Assessing factors that affect the spatial distribution and persistence of swift fox populations
We are investigating how landscape composition (e.g., CRP, agriculture, native prairie, road density) influences the spatial distribution of swift fox populations on the eastern fringes of their geographic range. Additionally, we are assessing the relative importance of intraguild competition and climate gradients (e.g., precipitation) for structuring swift fox populations. Ty Werdel (a new Ph.D. student in our lab), along with two full-time technicians, will be conducting camera-trapping surveys across the western portion of Kansas to start answering these questions in 2018.
Quantifying the effects of invasive-hybrid cattail (T. x glauca) expansions on native wetland biodiversity
Invasive-hybrid cattails (T. x glauca) are expanding their populations across wetlands in North America. These cattails displace most native wetland vegetation and expand in denser stands than both broadleaf (Typha latifolia) and narrowleaf (Typha angustifolia) species. Although the effects of T. x glauca on native wetland vegetation and wetland structure are clear, little is known about potential effects of T. x glauca expansions on wetland-obligate wildlife. Together with Voyageurs National Park, we are assessing how semiaquatic mammals (e.g., muskrat, mink, and otter), crayfish, and birds (e.g., waterbirds, waterfowl, and shorebirds) are affected by encroaching T. x glauca in the boundary waters of northern Minnesota, USA.
Investigating how landscape composition and intraguild competition structure carnivore communities
Conversion of natural landscapes to urban habitats is a persistent threat to many native wildlife species. Carnivores are particularly sensitive to this novel landscape change because of their trophic level and relatively large home-range sizes. We are investigating how carnivore communities in the Flint Hills ecoregion (one of the last remaining tall-grass habitats in North America) are affected by expanding urban land use. Additionally, we are interested in how expanding coyote (Canis latrans) populations (the apex predator in this region) affect habitat occupancy dynamics of mesopredators (e.g., red and gray fox, badger, bobcat, feral cats, striped skunks) in these rapidly changing landscapes. Our work in the Flint Hills also supports the Urban Wildlife Information Network in Lincoln Park Zoo, Chicago, Illinois.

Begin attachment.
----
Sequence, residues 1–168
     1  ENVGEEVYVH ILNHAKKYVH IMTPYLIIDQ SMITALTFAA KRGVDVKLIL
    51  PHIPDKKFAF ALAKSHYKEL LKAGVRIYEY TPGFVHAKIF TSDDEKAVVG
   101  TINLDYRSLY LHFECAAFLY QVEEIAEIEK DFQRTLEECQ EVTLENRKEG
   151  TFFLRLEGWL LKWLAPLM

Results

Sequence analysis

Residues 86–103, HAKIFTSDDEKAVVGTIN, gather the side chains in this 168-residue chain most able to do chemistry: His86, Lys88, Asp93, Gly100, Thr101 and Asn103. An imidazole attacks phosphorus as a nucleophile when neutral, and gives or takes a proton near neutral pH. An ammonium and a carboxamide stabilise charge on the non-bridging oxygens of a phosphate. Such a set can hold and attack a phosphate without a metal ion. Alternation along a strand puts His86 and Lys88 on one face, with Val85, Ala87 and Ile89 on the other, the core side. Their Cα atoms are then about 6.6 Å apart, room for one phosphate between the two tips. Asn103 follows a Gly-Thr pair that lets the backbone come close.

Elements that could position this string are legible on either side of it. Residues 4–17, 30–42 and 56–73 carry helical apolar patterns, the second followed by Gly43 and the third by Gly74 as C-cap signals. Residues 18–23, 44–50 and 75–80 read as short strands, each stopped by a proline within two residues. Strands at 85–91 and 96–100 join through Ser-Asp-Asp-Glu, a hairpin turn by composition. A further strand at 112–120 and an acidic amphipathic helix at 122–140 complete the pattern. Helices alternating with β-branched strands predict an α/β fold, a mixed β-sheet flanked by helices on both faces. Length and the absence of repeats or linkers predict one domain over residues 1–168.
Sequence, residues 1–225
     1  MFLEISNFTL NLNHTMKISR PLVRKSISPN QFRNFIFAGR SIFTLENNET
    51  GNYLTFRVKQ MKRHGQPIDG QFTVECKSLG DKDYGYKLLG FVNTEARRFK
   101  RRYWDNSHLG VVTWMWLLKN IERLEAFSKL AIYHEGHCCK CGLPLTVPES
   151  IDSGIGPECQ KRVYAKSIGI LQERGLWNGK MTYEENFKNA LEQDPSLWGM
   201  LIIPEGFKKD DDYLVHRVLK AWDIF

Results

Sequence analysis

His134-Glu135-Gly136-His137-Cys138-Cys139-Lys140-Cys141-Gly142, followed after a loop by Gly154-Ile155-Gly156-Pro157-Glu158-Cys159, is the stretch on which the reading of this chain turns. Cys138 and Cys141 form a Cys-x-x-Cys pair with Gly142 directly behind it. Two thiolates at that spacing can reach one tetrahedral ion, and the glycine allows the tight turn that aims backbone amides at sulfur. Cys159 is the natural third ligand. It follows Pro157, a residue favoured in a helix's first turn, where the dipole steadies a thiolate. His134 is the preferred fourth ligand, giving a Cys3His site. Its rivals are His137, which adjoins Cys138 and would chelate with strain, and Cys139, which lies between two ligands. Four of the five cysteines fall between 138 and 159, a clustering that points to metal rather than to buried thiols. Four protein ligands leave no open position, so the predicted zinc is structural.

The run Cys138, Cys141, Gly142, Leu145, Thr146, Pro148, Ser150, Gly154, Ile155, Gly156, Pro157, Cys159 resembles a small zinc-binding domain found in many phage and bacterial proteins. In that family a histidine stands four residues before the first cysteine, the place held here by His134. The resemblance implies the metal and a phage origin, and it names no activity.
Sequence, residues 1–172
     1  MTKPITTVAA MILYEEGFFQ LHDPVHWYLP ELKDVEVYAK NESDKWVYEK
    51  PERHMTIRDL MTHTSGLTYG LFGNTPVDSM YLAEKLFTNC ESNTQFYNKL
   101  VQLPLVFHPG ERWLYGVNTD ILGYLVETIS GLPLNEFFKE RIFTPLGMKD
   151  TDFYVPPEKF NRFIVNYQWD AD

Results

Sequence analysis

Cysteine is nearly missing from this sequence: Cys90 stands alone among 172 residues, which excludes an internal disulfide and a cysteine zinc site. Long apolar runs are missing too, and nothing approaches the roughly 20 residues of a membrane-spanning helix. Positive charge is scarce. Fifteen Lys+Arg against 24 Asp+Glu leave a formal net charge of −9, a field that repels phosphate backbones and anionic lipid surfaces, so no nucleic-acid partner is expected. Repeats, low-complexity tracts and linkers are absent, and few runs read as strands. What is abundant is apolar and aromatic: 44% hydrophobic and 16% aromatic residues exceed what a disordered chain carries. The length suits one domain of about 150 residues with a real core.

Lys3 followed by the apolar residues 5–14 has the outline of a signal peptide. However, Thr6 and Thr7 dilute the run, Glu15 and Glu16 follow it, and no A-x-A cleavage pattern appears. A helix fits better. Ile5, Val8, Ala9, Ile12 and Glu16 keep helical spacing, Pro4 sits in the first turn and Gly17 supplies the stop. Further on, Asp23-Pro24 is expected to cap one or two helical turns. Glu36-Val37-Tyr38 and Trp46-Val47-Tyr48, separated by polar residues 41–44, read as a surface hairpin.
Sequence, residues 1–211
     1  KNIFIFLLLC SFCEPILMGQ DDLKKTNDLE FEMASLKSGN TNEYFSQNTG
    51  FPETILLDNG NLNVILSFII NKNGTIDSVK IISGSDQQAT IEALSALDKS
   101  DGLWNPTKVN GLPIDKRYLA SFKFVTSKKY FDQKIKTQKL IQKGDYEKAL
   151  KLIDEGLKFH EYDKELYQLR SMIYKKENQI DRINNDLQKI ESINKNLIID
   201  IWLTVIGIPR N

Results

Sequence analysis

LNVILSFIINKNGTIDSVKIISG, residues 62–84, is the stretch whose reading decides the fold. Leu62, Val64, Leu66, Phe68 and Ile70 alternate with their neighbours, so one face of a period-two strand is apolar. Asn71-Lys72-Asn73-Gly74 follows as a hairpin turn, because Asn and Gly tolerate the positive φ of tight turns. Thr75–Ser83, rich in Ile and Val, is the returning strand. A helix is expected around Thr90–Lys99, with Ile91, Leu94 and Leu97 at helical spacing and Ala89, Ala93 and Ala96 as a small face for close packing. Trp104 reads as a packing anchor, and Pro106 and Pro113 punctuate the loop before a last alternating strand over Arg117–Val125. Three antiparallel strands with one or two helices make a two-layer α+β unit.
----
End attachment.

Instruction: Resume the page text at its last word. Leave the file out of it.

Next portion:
Inferring population dynamics from wildlife harvest data
State and Federal wildlife agencies often rely on annual harvest data to make inferences about relative changes in species-specific population abundances. However, these data are often influenced by outside factors that may affect hunter or trapper participation and can potentially bias these datasets. We have been examining long-term hunter and trapper harvest data to identify factors affecting annual harvest reports and using this information to help us infer changes in population abundances of commonly harvested species.
Determining factors that affect hunter recruitment, retention and reactivation (R3)
The North American Model of Wildlife Conservation is reliant on the contributions of hunters to fund and support wildlife conservation and management efforts across the continent. Through license (e.g., Federal duck stamp, state habitat stamps) and equipment (e.g., ammunition, archery supplies, firearms) purchases, hunters provide millions of dollars annually to these efforts. However, hunter recruitment, retention, and reactivation (R3) rates have been drastically declining in recent decades and these losses in hunter participation will likely have an enormous impact on future funding for wildlife conservation. Along with academic and non-academic colleagues at other institutions across the United States, we are working towards finding ways to effectively reverse these trends.